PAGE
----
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Waking Shreya up

Shreya turned 13 about a month ago.

She’s a good child. Does a lot of things well.

Including sleeping in :).

When that happens on holidays, I tell myself: “She’s a child. She’ll get better.”

When that happens on schooldays, I’m less peaceful.

We’ve split chores between Janaki and me. And it’s my task to wake up the not-so-little-one on schooldays.

The drama in the mornings is addictive.

Shreya is in this never-ending obsession to optimize for every additional second of sleep she can squeeze out of her mornings.

After repeated (frantic) wake up calls from me, she opens one eye to look at the clock.

She then does some statistical analysis to figure out the probability of NOT missing her school bus if she were to sleep a bit more.

This process repeats every few seconds. It goes on for a nail-biting-period of time (in dad’s universe) and for a heavenly-nidra-period of time (in Shreya’s universe).

Finally, she relents..but only at the point when dad has pumped up his BP to a record high.

The next 30min are even more interesting. She saunters through her chores in slow-motion and with such bliss, while her dad continues chewing beyond his non-existent fingernails.

The moment of truth then arrives..she decides it’s now time to get up and leave the house.

I’m certain that she waits until we have an exact probability of 0.5 that we’ll get the bus. What better way to pump up the adrenaline for her father even more?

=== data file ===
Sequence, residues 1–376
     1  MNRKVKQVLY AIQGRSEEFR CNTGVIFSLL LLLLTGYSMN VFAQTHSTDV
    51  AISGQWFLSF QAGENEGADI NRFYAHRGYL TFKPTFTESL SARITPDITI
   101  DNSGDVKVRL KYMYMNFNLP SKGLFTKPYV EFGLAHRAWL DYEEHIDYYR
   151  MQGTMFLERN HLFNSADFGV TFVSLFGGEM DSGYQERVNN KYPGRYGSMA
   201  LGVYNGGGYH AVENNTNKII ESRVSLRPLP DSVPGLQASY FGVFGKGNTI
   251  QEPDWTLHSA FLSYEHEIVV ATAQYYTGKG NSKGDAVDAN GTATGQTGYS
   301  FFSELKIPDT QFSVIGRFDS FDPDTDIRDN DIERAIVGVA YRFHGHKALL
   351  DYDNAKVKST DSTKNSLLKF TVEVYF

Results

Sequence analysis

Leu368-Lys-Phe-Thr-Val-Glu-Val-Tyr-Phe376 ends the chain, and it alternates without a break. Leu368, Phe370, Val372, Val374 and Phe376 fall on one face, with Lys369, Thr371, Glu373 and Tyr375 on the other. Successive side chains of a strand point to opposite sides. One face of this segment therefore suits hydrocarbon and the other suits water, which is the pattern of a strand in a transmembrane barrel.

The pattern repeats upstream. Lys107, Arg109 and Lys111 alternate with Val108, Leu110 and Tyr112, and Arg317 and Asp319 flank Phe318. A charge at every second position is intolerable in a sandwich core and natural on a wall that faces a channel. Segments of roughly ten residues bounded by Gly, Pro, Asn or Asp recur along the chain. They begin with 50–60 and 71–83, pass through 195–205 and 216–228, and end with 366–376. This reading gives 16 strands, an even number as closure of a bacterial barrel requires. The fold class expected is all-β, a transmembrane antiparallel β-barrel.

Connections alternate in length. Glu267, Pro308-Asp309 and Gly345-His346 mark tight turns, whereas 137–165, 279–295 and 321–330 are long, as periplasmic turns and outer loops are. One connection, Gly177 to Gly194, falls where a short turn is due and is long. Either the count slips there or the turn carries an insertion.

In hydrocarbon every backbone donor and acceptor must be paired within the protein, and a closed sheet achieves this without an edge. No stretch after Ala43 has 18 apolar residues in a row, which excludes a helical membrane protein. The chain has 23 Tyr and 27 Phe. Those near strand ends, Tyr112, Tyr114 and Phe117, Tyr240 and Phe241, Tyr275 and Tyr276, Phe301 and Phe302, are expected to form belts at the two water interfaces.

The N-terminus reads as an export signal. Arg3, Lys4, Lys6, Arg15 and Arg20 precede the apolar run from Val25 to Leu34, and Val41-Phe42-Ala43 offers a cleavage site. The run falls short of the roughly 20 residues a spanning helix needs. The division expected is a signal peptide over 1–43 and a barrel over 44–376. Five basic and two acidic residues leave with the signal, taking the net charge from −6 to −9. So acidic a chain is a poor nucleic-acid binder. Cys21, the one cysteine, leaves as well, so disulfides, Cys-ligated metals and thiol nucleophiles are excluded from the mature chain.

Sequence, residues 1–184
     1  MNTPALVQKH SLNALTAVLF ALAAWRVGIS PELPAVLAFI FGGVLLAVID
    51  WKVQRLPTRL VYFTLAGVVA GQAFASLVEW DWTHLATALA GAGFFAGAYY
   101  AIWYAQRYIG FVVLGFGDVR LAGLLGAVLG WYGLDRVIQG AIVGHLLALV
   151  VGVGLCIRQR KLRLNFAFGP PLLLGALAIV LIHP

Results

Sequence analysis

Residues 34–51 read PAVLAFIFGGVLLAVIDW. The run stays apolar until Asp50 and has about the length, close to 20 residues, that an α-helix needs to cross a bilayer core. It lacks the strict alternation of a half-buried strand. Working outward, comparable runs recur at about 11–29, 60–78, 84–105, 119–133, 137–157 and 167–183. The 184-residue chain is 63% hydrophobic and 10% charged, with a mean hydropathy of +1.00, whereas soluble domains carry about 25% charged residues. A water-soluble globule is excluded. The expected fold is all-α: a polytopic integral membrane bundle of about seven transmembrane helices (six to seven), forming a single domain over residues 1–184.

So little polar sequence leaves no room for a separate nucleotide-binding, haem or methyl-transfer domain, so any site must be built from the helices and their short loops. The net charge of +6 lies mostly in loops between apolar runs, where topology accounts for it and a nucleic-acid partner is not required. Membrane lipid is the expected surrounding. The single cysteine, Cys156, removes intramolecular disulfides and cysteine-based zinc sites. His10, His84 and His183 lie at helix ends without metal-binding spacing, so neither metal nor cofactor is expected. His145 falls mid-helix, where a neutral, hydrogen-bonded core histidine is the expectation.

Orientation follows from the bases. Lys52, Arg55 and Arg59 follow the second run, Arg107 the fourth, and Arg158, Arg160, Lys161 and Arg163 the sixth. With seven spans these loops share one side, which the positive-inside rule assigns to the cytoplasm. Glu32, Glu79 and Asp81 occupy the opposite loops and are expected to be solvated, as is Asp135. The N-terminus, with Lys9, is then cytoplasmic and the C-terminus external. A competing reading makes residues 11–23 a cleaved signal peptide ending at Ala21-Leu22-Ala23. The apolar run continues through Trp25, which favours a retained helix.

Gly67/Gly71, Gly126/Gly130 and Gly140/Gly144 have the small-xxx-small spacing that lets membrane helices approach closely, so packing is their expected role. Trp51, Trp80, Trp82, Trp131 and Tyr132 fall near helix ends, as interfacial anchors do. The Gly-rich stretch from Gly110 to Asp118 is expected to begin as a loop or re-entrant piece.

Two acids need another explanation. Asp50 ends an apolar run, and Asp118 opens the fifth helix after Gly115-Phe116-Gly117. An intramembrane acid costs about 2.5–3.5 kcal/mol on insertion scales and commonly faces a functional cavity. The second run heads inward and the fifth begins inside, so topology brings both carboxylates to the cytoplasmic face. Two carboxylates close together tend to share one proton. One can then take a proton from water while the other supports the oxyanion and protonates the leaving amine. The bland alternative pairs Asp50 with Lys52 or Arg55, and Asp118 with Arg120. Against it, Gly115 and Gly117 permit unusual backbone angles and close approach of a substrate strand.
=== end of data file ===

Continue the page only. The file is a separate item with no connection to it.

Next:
Within the next few seconds, I get into my Schumacher avatar and take the wheel, while she sits majestically like a princess in the backseat.

The best days in her opinion, are NOT when we reach the bus stop on time.

It’s when we don’t.

You see..only then can she maximize the morning’s adventure quotient by getting me to drive like a maniac in an attempt to catch the bus at the next stop, or the one after that, or the one after that…or…

“10 minutes early” means I can live 10 years longer – Mahatria

I certainly want to live longer 🙂

After numerous vain attempts at figuring out how to wake up my darling daughter on time, I think we may have finally figured it out, together.

It’s a very simple solution: We just setup her favorite Spotify playlist as her alarm. It on shuffle mode, so, her mornings start with an element of pleasant surprise as well.

(It’s very easy to set this up using Google’s free “Clock” app ).

Here’s why I think this idea works better than the other things we’ve tried:

  1.  There’s a significant element of “freedom of choice”. It’s her playlist. The songs she’s chosen herself, rather than having been imposed on her by someone else. For a 13-year-old, this is important.
  2. Waking up is still not pleasant. But her favorite music makes it more pleasant than it used to be.
  3. I think her favorite songs evoke a sense of enthusiasm and happiness in her. And it could be reminding her of her responsibilities, but in a gentle way.
  4. Most of all, she and I collaborated on figuring out this solution together. This means that she’d already accepted the reality that there’s no escaping the need to wake up on time. This is probably the most important reason. Acceptance is the first step toward growth.

Is the challenge solved for ever?

Does she leap out of bed before the first few lines of the first song are done?

No :).

But it’s a step forward.

My BP is now better managed. And pedestrians are now safer on the roads in the mornings 🙂

Am I starting to miss those adrenaline rushing, gushing mornings?

I didn’t think I would actually feel this way, but yes. I think I’m missing the drama, already.

Shreya is now moving into a new phase of her life. She’s growing up.

On the one hand, I’m eagerly looking forward to the wonderful person she’s shaping up to become.

On the other hand, those “adventurous” mornings will remain fond memories for me, of her more innocent years.

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